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Tampa Bay Lightning

Effects of short NHL season prevalent around league

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Published:   |   Updated: March 4, 2013 at 05:02 PM

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TAMPA -

This shortened NHL season might just go down as the year of mediocrity.

So many teams to this point of the season, as we are just about to the one-third mark of the 48-game schedule, have been on a elevator ride up and down. With a few exceptions at the top of the standings Ė Chicago, Anaheim, Boston, New Jersey Ė and at the bottom Ė Washington, Florida, Buffalo, Columbus Ė most teams have been up and down.

San Jose couldnít lose in January, then couldnít win in February. The New York Islanders were the surprise in the first two weeks of the season, then went on a two week slide. St. Louis clobbered teams in the early going, then were getting the same done to them.

Tampa Bay looked dominant to start the season while Carolina looked in disarray. Those two teams switched roles in the past two weeks and were tied for the Southeast Division lead heading into Saturdayís meeting in Raleigh.

Itís probably going to be that way all season, and Lightning head coach offers up the Allen Iverson theory Ė itís all about practice.

ďItís a very difficult season for everybody because you are up and down in games, up and down from game to game and you canít get your habits and you canít get your consistency because you canít practice,íí Boucher said. ďThatís the only way you are going to get it, you donít get it from game to game, itís practice, itís practice, practice because you donít get the repetition. Itís very difficult and thatís why you get times when you play great and go ĎWowí and then right after, you are ĎWhatís going on?í

ďThe execution is very difficult to get and we are no different than any other team. This is the first time Iíve lived (a shortened, compressed schedule) and itís tough.íí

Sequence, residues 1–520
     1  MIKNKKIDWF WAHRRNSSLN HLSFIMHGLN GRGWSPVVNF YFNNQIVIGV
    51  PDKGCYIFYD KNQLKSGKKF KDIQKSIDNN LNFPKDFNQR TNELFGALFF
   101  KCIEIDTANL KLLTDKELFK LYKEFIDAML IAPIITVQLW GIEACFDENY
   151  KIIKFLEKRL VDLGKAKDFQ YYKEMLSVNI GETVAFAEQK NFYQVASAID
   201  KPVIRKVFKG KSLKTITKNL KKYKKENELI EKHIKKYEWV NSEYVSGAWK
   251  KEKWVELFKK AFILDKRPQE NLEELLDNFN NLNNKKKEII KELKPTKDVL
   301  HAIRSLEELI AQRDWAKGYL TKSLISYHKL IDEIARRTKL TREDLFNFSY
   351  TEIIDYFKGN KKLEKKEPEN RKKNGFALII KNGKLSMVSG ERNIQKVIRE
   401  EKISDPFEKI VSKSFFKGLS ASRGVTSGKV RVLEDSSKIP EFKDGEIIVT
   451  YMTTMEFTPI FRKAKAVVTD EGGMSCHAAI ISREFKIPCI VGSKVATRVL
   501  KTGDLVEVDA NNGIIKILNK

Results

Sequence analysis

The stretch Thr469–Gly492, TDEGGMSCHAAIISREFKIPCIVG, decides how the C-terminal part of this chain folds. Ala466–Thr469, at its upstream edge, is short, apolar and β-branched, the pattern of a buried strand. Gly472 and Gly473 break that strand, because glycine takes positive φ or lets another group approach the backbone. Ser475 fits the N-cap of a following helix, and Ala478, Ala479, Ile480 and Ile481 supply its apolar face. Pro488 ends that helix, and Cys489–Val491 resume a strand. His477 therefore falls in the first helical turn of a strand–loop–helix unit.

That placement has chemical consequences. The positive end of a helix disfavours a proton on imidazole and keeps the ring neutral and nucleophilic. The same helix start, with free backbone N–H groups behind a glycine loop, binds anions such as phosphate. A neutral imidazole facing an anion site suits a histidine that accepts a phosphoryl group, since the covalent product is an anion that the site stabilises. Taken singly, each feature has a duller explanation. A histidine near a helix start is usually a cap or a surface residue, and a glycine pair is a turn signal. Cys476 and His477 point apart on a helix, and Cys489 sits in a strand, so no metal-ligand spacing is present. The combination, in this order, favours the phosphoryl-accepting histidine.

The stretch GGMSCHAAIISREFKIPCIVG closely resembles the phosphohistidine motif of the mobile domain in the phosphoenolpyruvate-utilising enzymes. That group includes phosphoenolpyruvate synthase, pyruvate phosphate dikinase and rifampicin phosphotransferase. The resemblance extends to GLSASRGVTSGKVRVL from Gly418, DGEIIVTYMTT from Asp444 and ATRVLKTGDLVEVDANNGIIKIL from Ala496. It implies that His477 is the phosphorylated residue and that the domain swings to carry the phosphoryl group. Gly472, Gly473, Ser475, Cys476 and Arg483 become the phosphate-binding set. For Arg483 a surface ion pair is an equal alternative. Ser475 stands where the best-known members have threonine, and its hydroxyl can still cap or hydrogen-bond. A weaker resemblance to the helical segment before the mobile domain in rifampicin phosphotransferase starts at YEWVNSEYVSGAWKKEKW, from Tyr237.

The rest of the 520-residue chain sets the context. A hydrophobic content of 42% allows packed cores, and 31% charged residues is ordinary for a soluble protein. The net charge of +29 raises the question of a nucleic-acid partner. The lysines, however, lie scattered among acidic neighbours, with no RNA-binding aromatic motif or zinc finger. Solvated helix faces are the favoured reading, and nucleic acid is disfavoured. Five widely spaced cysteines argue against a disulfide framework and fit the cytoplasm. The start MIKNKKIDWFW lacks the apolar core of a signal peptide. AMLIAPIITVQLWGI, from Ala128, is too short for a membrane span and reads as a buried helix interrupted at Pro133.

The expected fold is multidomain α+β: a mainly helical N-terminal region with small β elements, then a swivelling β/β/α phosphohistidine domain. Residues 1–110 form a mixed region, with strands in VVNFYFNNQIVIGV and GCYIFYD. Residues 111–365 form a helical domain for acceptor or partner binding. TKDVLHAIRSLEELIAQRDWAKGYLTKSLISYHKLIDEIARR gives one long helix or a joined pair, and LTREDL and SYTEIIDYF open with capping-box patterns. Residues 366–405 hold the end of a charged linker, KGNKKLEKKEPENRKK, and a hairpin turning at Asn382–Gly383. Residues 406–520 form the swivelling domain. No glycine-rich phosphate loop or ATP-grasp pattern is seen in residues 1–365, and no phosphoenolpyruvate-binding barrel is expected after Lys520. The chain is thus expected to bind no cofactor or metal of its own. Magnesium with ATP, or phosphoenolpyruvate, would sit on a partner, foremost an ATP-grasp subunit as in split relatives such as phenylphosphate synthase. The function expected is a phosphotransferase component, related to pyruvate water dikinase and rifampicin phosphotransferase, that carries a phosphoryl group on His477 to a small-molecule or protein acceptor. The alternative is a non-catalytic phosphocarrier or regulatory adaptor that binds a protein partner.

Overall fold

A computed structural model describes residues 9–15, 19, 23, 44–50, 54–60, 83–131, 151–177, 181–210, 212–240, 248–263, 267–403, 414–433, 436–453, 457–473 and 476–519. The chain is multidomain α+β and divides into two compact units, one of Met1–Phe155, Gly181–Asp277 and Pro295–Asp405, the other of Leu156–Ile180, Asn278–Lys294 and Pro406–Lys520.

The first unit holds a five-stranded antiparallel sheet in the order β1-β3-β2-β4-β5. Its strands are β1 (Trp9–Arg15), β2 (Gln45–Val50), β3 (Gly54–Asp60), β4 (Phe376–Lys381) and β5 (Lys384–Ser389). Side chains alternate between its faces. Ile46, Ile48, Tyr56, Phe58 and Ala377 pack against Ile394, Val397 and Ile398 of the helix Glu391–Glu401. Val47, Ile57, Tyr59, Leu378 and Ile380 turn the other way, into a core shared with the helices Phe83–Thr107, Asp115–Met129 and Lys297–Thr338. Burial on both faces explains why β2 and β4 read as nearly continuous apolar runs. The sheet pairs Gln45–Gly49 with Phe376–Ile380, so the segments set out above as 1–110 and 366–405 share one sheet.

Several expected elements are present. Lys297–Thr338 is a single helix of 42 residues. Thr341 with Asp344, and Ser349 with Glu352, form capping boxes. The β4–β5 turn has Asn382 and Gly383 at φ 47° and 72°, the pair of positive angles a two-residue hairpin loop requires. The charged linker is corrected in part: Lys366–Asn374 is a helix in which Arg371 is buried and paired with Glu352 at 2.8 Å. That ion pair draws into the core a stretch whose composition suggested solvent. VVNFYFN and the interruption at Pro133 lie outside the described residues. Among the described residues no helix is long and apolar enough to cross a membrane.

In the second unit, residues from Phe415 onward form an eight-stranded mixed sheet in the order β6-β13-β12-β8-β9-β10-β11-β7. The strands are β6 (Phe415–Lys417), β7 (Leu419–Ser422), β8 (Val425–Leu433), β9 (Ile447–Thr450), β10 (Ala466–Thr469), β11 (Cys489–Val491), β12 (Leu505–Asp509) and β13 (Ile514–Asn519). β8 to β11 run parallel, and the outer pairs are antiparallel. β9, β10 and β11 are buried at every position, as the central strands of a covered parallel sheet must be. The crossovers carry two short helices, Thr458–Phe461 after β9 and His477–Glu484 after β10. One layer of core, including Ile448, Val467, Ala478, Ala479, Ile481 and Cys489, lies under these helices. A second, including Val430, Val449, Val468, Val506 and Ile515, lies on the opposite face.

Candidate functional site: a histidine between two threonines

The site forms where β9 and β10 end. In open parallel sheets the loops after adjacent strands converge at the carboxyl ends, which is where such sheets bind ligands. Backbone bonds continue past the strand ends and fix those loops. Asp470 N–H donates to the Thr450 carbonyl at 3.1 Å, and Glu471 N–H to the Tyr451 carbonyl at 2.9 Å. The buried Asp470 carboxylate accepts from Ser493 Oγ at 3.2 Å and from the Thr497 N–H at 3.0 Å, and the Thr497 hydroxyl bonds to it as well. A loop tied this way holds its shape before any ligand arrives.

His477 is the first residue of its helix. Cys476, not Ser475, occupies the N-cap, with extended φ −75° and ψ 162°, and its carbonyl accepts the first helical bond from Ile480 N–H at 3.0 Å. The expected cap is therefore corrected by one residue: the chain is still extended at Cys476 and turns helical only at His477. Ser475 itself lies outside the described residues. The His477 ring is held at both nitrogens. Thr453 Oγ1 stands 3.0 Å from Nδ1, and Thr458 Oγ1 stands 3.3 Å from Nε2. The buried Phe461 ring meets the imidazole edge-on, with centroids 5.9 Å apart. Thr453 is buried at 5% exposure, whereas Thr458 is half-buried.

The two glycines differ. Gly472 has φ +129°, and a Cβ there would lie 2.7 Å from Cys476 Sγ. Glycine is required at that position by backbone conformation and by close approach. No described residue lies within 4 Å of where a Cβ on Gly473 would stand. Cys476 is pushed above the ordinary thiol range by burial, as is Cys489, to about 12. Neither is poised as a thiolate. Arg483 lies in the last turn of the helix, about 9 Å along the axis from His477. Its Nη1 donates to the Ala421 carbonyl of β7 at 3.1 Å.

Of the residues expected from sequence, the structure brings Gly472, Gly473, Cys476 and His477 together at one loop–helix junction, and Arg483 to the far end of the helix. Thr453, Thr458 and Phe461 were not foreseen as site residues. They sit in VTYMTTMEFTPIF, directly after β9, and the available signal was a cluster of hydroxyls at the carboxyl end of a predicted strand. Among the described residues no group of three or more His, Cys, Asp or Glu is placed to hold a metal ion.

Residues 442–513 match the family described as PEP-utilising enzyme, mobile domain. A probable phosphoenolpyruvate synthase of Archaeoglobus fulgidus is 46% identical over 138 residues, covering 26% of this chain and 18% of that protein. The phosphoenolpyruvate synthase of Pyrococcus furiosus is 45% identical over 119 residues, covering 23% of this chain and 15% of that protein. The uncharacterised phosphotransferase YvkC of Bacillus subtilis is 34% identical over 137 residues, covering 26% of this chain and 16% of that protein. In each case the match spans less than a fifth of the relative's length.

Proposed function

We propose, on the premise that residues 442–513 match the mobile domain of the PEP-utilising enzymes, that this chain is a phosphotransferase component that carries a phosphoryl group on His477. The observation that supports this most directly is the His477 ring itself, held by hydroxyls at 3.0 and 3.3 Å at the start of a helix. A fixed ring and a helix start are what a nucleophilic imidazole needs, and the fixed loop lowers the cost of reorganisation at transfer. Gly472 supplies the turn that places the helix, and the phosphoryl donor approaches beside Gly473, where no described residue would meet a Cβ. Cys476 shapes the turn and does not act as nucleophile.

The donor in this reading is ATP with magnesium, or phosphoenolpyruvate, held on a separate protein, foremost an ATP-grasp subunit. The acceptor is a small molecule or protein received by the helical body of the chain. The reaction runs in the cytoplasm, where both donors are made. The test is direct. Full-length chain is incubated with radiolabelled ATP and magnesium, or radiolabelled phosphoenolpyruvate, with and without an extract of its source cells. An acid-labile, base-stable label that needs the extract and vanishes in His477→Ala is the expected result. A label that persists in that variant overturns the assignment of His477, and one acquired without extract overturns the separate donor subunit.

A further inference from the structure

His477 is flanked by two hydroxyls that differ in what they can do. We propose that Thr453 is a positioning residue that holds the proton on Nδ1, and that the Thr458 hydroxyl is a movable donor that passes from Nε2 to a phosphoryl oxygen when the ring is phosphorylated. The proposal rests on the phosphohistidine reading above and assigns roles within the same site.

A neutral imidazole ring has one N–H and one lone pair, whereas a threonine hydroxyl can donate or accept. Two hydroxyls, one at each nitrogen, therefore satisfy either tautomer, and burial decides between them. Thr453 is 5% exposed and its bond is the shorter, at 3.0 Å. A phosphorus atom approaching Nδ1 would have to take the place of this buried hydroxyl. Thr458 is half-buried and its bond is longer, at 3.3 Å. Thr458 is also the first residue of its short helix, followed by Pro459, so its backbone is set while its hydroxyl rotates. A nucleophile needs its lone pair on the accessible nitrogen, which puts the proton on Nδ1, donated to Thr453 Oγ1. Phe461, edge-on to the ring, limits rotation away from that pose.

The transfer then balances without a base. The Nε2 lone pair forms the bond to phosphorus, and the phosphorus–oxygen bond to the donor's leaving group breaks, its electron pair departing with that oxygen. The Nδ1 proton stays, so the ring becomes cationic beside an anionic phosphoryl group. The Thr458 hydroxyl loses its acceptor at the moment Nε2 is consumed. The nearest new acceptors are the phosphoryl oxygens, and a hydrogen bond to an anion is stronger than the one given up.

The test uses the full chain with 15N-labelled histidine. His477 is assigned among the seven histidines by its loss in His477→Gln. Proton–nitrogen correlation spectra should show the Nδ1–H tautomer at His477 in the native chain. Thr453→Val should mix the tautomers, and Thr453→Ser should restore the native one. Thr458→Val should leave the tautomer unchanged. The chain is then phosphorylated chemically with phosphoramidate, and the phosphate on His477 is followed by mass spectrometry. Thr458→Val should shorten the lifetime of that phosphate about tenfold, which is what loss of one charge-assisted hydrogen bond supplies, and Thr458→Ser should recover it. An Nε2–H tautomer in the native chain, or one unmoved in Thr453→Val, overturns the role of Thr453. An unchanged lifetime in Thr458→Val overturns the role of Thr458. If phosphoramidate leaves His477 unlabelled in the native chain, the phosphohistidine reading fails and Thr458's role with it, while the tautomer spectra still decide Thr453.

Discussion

Available practice is limited because most teams are playing at least three games per week, and during those days off when practice time is available, coaches must weigh the rest vs. rust option because games are being played so often itís equally difficult to fine proper rest time.

As far as the erratic play at times from many teams around the league, well, itís just like Iverson said, ďWeíre talking about practiceíí or the lack thereof.

Reading and hearing comments coming out of the Boston locker room following Thursdayís game, seems the Bruins were none too happy with the ice conditions. Certainly it was obvious the puck was bouncing quite a bit more than normal, which can be aggravating for players.

But donít both teams play on the same surface and have to deal with the same issues?

Honestly, Iíve never understood why teams complain about this and itís not like the Lightning is trying to slow the game down, not with some of the speed Tampa Bay possesses. Not to mention it was above 80 degrees and humid outside, way above normal for mid-February. Itís not ideal conditions for maintaining ice even with The Forumís improved HVAC system.

What sort of conditions did Boston expect? Playing so many games at Madison Square Garden through the years, should they be accustomed to less than ideal ice conditions?

Later in the season, when the warmer temperatures are expected and normal, itís likely the Lightning would bring in dehumidifiers to help with the issue just as they have in the past. But no matter if they do or not, both teams play on the same surface, good or bad.


eerlendsson@tampatrib.com (813) 259-7835 Twitter: erlendssonTBO

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